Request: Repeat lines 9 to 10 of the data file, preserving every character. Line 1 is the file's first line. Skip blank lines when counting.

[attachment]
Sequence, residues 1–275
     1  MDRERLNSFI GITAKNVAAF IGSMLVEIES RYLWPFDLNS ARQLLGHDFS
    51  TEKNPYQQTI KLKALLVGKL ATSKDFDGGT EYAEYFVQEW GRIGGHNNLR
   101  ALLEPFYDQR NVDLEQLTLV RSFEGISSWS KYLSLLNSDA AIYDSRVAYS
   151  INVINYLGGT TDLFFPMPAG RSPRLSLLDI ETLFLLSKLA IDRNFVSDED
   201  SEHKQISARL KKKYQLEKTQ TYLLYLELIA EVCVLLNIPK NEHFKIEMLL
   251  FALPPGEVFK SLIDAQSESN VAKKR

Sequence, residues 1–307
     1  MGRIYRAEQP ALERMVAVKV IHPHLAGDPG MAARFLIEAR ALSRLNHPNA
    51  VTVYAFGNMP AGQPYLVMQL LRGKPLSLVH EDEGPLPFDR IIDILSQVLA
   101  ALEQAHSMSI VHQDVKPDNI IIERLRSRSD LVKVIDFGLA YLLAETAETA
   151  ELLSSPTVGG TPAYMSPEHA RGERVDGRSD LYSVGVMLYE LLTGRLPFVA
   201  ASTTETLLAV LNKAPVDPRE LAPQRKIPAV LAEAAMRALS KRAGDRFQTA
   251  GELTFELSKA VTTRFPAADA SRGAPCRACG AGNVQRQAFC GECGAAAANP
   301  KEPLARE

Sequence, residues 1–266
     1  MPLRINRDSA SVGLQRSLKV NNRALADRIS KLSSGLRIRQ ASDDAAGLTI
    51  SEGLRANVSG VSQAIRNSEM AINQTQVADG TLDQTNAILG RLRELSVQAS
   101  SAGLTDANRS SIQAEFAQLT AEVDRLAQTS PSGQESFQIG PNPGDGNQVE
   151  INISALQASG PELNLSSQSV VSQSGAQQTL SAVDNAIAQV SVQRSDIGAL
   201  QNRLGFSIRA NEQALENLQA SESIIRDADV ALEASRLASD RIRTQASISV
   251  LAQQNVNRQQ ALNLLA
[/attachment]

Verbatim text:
     1  MGRIYRAEQP ALERMVAVKV IHPHLAGDPG MAARFLIEAR ALSRLNHPNA
    51  VTVYAFGNMP AGQPYLVMQL LRGKPLSLVH EDEGPLPFDR IIDILSQVLA